While the country’s summer Olympians have led the way in some sports and taken home trophies over the past thirty years, not a single Lithuanian has won a medal at the Winter Olympics since the restoration of independent Lithuania.
However, if we look back in history, Lithuania has had a few Olympic winter heroes – although in the Soviet Union national team. Biathlete Algimantas Šalna became Olympic champion in 1984 in Sarajevo, Bosnia and Herzegovina, and cross-country skier Vida Vencienė won gold in 1988 in Calgary, Canada.
Šalna, who came out on top in the team relay, became the first Lithuanian biathlete to win a gold medal at the Olympic Games and the only Lithuanian biathlete to do so thus far.
“Our team definitely had something that the others didn’t. The difference was that our athletes were equally strong – not just one athlete, but four or even five were good. That’s why we won the Olympics, the World Championships and the World Cup. Other teams did not have so many athletes with such individual talent,” said the biathlete, who graduated from Lithuanian State Institute of Physical Education (now the Lithuanian Sports University, LSU) in 1985.
Šalna not only won the gold medal at the Sarajevo Winter Olympics, but also finished fifth in the individual 10 km race. Even more outstanding were his achievements at the World Championships, where he triumphed twice – in Antersalva (Italy) in 1983 and Ruhpolding (Germany) in 1985.
Despite a very successful three-year period, the Olympic champion still painfully remembers the events that prevented him from winning more top honours.
“There were always some things going on that prevented me from winning medals. In 1982, at the World Championships in Minsk, I skated faster than all the biathletes in the world, and I could definitely have won a medal, if not in the 20-kilometre race, at least in the sprint. I was unable to do so because of some strange technical reasons – in the individual race I missed the target 8 times, and in the sprint I just stopped skating – although I missed the target only twice, I finished only 11th.
Then the championship in Italy in 1983. In the first 10km shoot-off I never missed a shot and I was informed that I was 40 seconds ahead of all the athletes, which meant that I could miss twice and win the World Championship. Now I regret that I was given that information – the current coaches certainly don’t do that anymore.
Knowing the situation in the shooting lane, I missed the first one, but then I hit three in a row. I aimed the last cartridge for 45 seconds because I was afraid to miss it. The people in the stands started shouting “Šalna, shoot!”. So I shot, missed and got two penalty laps. When I got to the finish line, I saw the seventh place, which meant that I was 42 seconds behind the first place”, said Šalna.
He retired from biathlon before Lithuania regained its independence. Shortly after, Šalna turned to coaching, spending several years at the helm of the Soviet Union’s women’s biathlon team, and then received a tempting offer.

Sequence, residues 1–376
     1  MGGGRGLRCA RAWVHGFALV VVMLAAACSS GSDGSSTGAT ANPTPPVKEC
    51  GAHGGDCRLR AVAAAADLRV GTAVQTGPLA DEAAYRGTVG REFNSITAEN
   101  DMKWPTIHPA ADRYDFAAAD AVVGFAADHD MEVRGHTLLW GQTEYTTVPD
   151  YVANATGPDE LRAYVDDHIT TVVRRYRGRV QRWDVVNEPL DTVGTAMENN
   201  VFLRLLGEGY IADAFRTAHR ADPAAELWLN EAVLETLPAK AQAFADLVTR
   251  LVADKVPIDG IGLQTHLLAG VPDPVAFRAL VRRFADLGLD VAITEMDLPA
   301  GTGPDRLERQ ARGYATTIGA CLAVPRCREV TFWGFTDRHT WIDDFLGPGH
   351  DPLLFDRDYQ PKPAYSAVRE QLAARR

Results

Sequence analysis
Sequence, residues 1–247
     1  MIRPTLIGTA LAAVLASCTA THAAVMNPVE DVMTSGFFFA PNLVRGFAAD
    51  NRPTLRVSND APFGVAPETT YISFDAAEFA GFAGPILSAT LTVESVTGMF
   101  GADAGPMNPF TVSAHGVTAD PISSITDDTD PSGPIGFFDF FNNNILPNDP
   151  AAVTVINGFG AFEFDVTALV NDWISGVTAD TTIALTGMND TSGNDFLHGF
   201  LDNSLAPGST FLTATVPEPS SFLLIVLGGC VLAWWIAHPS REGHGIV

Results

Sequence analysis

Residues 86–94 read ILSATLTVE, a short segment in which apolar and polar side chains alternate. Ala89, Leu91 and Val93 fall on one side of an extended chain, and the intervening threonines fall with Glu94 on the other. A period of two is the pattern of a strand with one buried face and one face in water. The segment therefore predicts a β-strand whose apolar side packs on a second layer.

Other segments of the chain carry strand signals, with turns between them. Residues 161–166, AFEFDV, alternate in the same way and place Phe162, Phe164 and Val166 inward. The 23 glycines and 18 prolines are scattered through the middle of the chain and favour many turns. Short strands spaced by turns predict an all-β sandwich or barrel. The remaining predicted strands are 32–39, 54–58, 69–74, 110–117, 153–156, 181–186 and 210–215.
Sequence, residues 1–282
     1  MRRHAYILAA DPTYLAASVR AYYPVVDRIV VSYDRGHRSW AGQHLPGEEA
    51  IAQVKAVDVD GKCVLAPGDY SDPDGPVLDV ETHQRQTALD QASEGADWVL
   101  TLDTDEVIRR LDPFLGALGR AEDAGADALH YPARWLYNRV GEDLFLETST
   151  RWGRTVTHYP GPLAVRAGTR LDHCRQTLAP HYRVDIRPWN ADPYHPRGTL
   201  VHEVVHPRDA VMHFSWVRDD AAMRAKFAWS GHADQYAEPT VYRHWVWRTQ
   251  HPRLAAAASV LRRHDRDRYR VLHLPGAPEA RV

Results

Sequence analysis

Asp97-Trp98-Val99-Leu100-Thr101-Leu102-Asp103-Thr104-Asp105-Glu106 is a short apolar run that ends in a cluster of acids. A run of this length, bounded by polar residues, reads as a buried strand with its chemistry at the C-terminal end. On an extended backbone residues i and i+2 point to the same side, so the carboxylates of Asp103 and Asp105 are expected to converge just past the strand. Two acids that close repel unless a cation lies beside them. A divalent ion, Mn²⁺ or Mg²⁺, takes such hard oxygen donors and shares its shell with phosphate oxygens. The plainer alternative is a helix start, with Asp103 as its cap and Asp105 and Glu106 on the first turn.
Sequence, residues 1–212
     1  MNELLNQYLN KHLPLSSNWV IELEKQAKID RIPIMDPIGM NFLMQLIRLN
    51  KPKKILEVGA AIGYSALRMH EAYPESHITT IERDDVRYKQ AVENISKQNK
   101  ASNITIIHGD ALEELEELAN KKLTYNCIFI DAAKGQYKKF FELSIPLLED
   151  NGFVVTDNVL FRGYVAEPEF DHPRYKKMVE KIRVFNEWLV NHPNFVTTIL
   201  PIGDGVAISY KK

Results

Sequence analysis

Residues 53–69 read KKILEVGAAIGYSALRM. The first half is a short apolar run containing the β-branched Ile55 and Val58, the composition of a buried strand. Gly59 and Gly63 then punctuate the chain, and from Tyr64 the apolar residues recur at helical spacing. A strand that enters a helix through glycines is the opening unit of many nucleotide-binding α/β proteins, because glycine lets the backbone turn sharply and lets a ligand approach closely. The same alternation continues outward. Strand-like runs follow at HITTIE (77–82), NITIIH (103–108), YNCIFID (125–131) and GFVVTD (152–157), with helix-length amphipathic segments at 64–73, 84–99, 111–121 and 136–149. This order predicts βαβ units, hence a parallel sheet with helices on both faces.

In 1991, during a visit to the United States of America (USA), he was invited to become the head coach of the US biathlon team. The Olympic champion did not wait long – after consulting with his family, he decided to sign the contract and move across the Atlantic, where he would have the opportunity to raise biathlon from the ashes.
Šalna has coached athletes of the US National Team at four Winter Olympic Games – 1994 in Lillehammer (Norway), 1998 in Nagano (Japan), 2002 in Salt Lake City (USA) and 2006 in Turin (Italy). It was after the latter Games that the US national team coach decided to end his career as a professional coach.
“After the Turin Olympics, I said that’s it – I can’t coach the national team anymore. At the same time, I mentioned that I could coach, but at a different level,” the LSU alumnus shared his memories. – Then they asked me what I wanted to do. I said I wanted to run a shooting academy and train athletes to shoot well. It all worked out so that from 2006 until today I am still coaching and teaching kids how to shoot.”
“It may be embarrassing to brag, but probably 90% of the biathletes in the USA – past, present or still growing – they all pass through my hands. Whether it’s a two-day camp or eight years of preparation. I know them all, they know me, so I hope that the results of the US biathletes will only grow,” said Šalna.
A record number of biathletes from Lithuania went to the Beijing Olympic Games. There are five representatives of this sport in China – Vytautas Strolia, Tomas Kaukėnas, Karolis Dombrovskis, Linas Banys and the only representative in the women’s competition, Gabrielė Leščinskaitė.
When asked how he assesses the chances of Lithuanians at the Beijing Olympics, Šalna remained positive. According to the LSU alumnus, some of his compatriots are already at the elite level, so we can definitely expect some unexpected surprises from them.
“When a Lithuanian biathlete finishes 21st in a competition, the internet is full of comments about why he is so bad… People who comment like that don’t understand competition – after all, the person who is first today will be 24th tomorrow and first again the day after. It means that if you can already be 24th, you might as well be first – Vytautas Strolia has already proved that with his high finishes.
These Olympics can have some very interesting and unpredictable outcomes, but we just don’t know. We see how strong and solid the Norwegians are. The Russians have very good athletes who can surprise at any time. The French, the Italians, the Germans, the Belarusians, the Lithuanians, the Estonians, the Slovenes, the Czechs and the Americans – they can all surprise,” said Mr Šalna.
The Olympic Games in Beijing will continue until 20 February. The next start for Lithuanian biathletes will be on 11 February, when G. Leščinskaitė will compete in the 7.5 km sprint.
Personal archive photo.